Armstrong Williams

Last weekend, I was a panelist on Congresswoman Juanita McDonald's (D-CA.) forum on differentiating between the presidential candidates. The event was part of the Congressional Black Caucus' (CBC) annual legislative conference. Later that day, in the lobby of the D.C. Grand Hyatt, attendees were curious about my being a black conservative.

"How exactly can you expect to have an authentic black moment if you're always thinking and voting the way other people tell you to vote and think?" I asked.

For a moment, the question hung in the air winning over more than a few casual observers. One side began screaming about whether the Republican Party is sincere about reaching out to black voters. The other side started screaming about how the Democrats take blacks for granted and offer little in return for our loyalty. Both sides stalked off in opposite directions. That's the way street debates usually go.

Later, I attended Congressman Chaka Fattah's (D-PA.) forum on how the transactional tax would spur the economy. But the undisputed highlight was the following morning's prayer breakfast featuring pastor Thomas from Baltimore and gospel legend and 13-time Grammy winner, Shirley Caesar. Pastor Thomas's deep baritone washed over the audience as Caesar began to sing. In her voice, one hears faith. Members of the audience began to clap their hands and stomp their feet. Some shook, others cried. All 7,000 participants felt the word of God.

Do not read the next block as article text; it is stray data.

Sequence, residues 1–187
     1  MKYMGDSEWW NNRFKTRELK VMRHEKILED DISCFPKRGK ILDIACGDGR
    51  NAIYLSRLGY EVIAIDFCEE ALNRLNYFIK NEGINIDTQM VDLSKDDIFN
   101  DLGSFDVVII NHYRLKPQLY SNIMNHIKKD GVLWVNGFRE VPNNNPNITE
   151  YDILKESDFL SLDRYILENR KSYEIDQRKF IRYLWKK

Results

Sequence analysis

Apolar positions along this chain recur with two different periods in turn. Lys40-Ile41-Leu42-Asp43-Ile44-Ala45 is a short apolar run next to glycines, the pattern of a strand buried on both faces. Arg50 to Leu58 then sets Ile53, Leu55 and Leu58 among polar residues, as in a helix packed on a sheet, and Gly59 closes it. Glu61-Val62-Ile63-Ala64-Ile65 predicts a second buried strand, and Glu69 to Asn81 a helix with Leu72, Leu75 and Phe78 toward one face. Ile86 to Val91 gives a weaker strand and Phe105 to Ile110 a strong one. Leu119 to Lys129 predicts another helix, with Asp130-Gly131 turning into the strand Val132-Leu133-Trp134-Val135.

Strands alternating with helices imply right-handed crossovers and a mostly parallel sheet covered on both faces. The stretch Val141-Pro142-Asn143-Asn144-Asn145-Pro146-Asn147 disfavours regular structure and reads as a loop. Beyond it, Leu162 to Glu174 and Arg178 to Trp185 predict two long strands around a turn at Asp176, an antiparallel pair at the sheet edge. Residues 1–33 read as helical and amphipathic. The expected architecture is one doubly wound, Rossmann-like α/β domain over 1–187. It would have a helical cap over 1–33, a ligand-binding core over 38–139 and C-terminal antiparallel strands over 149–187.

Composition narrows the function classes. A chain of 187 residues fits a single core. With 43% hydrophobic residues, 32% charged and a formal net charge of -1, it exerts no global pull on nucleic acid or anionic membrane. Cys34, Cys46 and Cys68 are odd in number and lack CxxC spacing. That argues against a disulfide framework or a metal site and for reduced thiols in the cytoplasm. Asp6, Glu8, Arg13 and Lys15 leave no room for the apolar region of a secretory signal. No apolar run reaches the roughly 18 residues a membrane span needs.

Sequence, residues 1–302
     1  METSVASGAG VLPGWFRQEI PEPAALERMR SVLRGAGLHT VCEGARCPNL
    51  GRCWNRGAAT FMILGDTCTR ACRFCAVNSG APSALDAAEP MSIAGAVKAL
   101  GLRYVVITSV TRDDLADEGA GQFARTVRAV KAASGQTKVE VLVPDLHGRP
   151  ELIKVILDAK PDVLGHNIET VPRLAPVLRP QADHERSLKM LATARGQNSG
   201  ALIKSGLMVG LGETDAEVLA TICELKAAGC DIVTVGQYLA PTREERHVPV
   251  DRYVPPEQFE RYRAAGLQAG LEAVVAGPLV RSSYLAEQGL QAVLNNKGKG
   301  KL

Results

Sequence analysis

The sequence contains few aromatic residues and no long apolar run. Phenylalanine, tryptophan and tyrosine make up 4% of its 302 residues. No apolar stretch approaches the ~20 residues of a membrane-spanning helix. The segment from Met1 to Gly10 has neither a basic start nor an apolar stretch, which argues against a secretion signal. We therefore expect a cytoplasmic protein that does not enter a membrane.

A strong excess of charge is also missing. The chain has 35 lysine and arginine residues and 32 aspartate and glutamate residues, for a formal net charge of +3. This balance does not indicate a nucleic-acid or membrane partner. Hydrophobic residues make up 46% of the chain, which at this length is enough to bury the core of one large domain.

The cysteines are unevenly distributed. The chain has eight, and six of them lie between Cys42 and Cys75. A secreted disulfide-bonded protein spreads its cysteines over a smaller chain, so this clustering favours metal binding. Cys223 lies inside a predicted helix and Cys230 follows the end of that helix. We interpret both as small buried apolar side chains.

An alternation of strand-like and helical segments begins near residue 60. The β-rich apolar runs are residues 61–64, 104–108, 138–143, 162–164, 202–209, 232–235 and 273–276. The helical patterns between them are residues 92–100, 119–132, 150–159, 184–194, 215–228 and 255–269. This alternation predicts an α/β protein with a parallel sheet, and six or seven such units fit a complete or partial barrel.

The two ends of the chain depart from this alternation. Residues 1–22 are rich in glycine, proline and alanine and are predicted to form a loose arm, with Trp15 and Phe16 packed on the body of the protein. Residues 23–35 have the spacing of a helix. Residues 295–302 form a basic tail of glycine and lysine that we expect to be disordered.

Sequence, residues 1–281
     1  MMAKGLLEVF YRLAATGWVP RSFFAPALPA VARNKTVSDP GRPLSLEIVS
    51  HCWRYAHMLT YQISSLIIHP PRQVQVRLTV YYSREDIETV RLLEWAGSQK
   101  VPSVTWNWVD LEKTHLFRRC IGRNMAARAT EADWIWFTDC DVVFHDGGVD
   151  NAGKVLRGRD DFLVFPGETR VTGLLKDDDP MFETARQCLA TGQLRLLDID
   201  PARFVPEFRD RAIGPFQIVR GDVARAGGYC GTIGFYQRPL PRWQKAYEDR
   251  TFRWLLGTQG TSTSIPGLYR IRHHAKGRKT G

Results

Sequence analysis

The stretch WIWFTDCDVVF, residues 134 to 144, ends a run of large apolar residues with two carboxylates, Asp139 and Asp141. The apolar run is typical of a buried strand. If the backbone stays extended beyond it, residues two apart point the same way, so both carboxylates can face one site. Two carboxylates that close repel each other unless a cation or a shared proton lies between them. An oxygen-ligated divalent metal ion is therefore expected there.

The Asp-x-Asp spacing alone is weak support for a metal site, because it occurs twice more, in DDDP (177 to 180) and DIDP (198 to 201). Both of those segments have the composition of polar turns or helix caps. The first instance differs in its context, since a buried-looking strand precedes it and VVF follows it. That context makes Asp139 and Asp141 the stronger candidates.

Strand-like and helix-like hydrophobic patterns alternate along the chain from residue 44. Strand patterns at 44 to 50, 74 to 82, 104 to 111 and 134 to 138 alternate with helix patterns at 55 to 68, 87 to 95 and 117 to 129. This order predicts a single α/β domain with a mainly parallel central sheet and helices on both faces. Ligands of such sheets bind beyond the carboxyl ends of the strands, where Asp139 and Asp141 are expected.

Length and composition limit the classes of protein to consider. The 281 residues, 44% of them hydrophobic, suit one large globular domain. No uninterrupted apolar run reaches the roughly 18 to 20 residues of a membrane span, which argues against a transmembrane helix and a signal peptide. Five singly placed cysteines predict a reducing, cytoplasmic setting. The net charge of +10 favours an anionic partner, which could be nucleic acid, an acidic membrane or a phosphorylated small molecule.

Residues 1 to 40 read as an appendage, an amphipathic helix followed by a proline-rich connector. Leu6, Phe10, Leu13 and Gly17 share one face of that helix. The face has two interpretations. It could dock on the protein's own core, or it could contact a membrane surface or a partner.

So far so good.

Then word began to spread about how the alleged child rapist had sung the night before. Tucked away on the third floor of the convention center, the CBC wives had gathered for a private show. The event had been billed as "an evening with the Whispers," a legendary R&B group. But when the lights dimmed, R. Kelly strutted on stage and began singing "Bump N Grind."

Some of the CBC wives howled and cheered. Others stomped off in protest the moment R Kelly took the stage.

In 2002, R Kelly was charged with 21 counts of child pornography after a video that allegedly depicted him having sex with a 13-year-old girl made the rounds. Shortly thereafter, a Florida detective discovered a digital camera that authorities say showed Kelly engaging in sexual activity with a minor. The camera was wrapped in a towel and stuffed in a duffel bag in Kelly's residence. That was good for 12 more counts of child pornography, though Kelly's lawyers are trying to get the charges dismissed because the authorities were searching specifically for drugs, not child porn. Quite a defense, eh?


Armstrong Williams

Armstrong Williams is a widely-syndicated columnist, CEO of the Graham Williams Group, and hosts the Armstrong Williams Show. He is the author of Reawakening Virtues.
 
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